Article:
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By Surprise

  • reviewed by Russ Breimeier Copyright Christianity Today International
  • 2002 1 Oct
By Surprise
Sounds like … the catchy pop/rock of Michelle Branch, Nelly Furtado, Vannessa Carlton, Katy Hudson, and Sheryl Crow to name a fewAt a Glance … a teen pop artist no more, except in age, By Surprise marks a surprisingly radical and successful change in style for Joy Williams.

Forget what you think you know about Joy Williams. From her debut last year, it sure seemed as though she was taking the teen pop diva route similar to Jessica Simpson, Jaci Velasquez, and Mandy Moore. Though the sound was somewhat routine, Joy stood out compared to similar pop artists because of well-written songs, first-rate production by Dan Muckala and Dennis Patton, and her outstanding voice. If you're looking for more of the same, I'm sorry to disappoint you. For her sophomore effort, By Surprise, Joy is paired with producer Brown Bannister, who's developed a track record in recent years for transforming and bettering artists' sounds (Steven Curtis Chapman, Avalon). He's done it again with Joy, shaping the budding pop diva into a modern pop/rock songwriter akin to Michelle Branch, Nelly Furtado, and Vanessa Carlton — a smart move, considering that teen pop is more or less on its way out. We are now in a new era of young singer/songwriters who favor widely accessible pop/rock sounds over childish teen pop. Joy's latest is about as timely as can be expected without becoming a trendsetter herself, taking her a remarkable leap forward as an artist and as a songwriter.

It becomes immediately apparent that By Surprise is different from Joy's previous album in the opening track, "New Day," with its tough electric guitar riff and intriguing "vowel-based" vocal hook. It's similar to Michelle Branch and Sheryl Crow, as is the bluesy rock of the title track, which sounds inspired by Sheryl's classic hit, "All I Wanna Do." The song "Every Day" has a bluesy rock shuffle with a brief Santana-like guitar solo in it which fans of Crystal Lewis as well as the new Santana and Michelle Branch single "Game of Love" should take a shine to. If you like the piano and strings pop sound of Vanessa Carlton's "Ordinary Day," then don't miss Joy's outstanding "Every Moment," which deserves to be a hit single in its own right. Fans of Nelly Furtado and Ginny Owens may enjoy the similar pop shuffle of "Beautiful Somehow." There are only a few tracks where Joy reverts to the adult contemporary pop sound of her first album. Though "I Wonder" sounds a lot like Michelle Branch and Nelly Furtado, it also sounds a bit like Avalon (whom she toured with last year). "Desperate" has more of an adult contemporary pop sound similar to Jaci Velasquez and Rachael Lampa, and the album closes with the obligatory piano ballad, "The Love of the Lord Endures." These are still all fine pop songs, and it's probably just as well that Joy maintains some sort of connection with her previous album since the rest of it sounds fairly different.

It's equally impressive that Joy has suddenly developed her own songwriting skills on By Surprise. She co-wrote six of the album's ten tracks, with some guidance from a handful of other songwriters, most notably guitarist Rob Graves and Daily Planet's Jesse Butterworth. Fans of Daily Planet will be able to spot Jesse's fingerprints in the songwriting of "Every Moment," "By Surprise," "Every Day," and "The Love of the Lord Endures" — his contributions to Joy's album only confirm the strength of his writing skills. "Ordinary Day" reminds us to enjoy all of the blessings and moments God grants us every day. I'm glad Jesse and Joy (along with co-writer Regie Hamm) decided against what could have been a predictable inspirational ballad, opting instead for the Vanessa Carlton sound: "We move on with no regrets to our destiny / Held by the hands of the Father / We share his love and he leads us through / All these days, they just slip away through our fingers." "Desperate" was one of Joy's first attempts at songwriting while on tour with Avalon, and it expresses her desire to know God better: "Don't go, I'm a homesick child / Just stay and talk to me, even if it's just for a while / Oh, I'm afraid of the dark / But you are the light / Stay by my side." With help from David Mullen, it has a surprisingly mature sound and strong melody, far more impressive than typical adult contemporary.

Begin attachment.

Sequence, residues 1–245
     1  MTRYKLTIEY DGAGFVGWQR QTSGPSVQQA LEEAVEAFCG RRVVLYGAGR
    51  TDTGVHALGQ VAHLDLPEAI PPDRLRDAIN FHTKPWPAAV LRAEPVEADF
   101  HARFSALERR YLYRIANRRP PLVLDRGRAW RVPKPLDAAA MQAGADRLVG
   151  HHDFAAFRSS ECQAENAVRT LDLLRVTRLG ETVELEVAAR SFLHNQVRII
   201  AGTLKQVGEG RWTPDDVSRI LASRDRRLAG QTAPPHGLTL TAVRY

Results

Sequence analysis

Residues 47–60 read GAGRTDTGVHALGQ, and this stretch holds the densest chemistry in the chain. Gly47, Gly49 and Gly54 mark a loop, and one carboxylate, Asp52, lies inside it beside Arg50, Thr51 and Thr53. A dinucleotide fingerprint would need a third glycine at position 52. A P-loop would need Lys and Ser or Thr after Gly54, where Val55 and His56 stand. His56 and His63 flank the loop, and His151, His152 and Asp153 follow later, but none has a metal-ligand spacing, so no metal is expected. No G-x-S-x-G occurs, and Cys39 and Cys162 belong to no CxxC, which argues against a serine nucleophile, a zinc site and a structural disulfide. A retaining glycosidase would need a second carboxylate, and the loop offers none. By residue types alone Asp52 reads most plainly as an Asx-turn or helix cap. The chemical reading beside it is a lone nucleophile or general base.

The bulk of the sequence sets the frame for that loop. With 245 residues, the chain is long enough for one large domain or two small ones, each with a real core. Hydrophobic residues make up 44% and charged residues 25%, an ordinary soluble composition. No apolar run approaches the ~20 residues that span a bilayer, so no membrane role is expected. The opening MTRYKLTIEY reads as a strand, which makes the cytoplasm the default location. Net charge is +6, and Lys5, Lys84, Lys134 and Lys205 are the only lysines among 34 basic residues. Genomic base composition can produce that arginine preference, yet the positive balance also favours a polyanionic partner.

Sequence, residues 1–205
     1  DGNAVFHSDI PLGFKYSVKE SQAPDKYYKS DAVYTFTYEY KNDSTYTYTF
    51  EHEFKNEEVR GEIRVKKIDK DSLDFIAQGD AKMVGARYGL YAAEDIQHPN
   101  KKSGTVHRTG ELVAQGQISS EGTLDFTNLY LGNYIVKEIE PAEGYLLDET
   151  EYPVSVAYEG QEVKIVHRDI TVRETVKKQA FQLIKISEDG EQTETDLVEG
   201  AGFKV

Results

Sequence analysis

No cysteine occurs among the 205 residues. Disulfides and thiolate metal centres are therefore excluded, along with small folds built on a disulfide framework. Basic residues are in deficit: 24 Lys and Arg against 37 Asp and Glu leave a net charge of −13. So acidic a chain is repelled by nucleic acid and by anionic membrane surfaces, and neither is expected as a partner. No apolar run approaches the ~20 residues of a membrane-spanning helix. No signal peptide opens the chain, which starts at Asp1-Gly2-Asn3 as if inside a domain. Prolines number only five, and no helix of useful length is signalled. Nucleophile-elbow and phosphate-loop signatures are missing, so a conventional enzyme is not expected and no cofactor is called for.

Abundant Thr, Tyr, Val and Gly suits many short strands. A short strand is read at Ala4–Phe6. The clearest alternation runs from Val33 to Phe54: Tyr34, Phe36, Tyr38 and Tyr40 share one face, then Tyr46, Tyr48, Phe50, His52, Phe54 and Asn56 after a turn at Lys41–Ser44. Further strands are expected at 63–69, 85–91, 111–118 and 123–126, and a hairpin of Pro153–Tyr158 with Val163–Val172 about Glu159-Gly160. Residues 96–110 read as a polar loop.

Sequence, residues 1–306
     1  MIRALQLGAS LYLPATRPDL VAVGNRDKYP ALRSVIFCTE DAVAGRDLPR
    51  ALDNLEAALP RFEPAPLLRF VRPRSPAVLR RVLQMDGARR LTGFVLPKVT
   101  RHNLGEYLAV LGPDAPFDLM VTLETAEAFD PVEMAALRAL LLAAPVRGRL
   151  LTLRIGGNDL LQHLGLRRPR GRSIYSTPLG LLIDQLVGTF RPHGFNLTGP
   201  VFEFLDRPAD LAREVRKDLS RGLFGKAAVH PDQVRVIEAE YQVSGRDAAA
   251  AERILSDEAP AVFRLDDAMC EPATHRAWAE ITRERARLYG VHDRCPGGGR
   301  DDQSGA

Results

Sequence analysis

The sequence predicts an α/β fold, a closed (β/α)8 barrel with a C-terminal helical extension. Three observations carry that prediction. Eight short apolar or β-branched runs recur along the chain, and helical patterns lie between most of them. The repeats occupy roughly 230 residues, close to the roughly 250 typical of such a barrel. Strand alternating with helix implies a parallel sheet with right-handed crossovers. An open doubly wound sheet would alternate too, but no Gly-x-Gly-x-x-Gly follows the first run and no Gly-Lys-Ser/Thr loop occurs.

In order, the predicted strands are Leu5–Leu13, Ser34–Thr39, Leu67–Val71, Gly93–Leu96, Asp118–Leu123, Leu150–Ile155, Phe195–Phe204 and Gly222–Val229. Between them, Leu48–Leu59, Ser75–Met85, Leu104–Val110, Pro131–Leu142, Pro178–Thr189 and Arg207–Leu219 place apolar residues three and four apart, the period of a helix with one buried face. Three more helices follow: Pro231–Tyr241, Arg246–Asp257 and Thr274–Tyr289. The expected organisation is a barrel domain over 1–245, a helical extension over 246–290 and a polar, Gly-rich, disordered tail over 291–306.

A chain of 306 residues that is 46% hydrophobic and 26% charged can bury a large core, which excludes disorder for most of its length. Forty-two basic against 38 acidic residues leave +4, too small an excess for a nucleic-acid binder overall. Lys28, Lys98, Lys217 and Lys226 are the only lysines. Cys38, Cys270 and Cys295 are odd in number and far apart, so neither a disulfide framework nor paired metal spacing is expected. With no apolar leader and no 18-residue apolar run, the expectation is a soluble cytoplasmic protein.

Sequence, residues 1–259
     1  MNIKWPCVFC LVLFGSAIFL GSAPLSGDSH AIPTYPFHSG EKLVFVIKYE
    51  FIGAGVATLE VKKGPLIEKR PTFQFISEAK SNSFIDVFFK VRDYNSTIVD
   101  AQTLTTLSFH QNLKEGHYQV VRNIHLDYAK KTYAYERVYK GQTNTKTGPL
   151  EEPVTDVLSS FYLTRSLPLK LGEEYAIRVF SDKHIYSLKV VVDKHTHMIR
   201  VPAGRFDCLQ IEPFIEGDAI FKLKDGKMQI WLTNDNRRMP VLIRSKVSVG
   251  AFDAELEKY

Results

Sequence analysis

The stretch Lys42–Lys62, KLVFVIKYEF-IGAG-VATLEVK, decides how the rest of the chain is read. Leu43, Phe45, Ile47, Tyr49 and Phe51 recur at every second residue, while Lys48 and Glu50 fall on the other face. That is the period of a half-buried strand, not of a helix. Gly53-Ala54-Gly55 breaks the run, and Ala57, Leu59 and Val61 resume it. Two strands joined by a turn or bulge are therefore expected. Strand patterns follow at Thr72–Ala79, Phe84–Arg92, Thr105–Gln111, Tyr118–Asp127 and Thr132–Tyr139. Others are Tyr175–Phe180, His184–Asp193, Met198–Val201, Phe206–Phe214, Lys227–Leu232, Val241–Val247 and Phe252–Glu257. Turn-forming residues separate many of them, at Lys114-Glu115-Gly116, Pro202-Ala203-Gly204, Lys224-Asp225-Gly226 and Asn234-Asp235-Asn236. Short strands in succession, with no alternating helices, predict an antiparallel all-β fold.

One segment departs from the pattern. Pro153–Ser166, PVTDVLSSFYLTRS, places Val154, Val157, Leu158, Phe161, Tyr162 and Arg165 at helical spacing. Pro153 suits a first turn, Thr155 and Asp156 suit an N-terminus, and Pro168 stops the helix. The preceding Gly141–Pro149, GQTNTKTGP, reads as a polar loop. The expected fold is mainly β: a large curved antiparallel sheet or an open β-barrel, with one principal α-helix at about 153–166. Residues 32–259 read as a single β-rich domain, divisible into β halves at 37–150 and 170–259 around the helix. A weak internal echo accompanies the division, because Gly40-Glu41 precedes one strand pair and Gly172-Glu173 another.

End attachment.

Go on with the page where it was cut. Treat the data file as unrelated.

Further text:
Who could have guessed Joy would even demonstrate the wit and whimsy of Nichole Nordeman in some of her songs? "Wish" wonders what it would have been like to literally walk alongside Jesus every day during his time here on earth, and "Beautiful Somehow" is a cleverly worded song that reminds us we're "wonderfully made" despite our rough edges and imperfections: "I've got old-fashioned sensibilities / I believe chivalry still exists / And I can be a princess / Even when there ain't no prince / So what if I'm right-brained? / I've got half a mind to disagree / I would rather write the book / Than go and read the movie." Too bad the majority of the album's lyrics are a little simplistic, though not really clichéd. If they were a little more poetic, or if Joy could incorporate a few more Christian worldview songs about everyday life, her music surely would be considered for some WB television time just like so many other Christian artists. Considering the leap forward in sound and that Joy is still new to songwriting, it's worth focusing on the positives. This is a catchy modern pop album that will defy your expectations. Instead of lumping Joy with pop artists such as Rachael Lampa, Stacie Orrico, and Jaci Velasquez, she now joins the ranks of artists such as Ginny Owens, Katy Hudson, and Michelle Branch. Her terrific new pop album will defy your expectations and literally take you by surprise.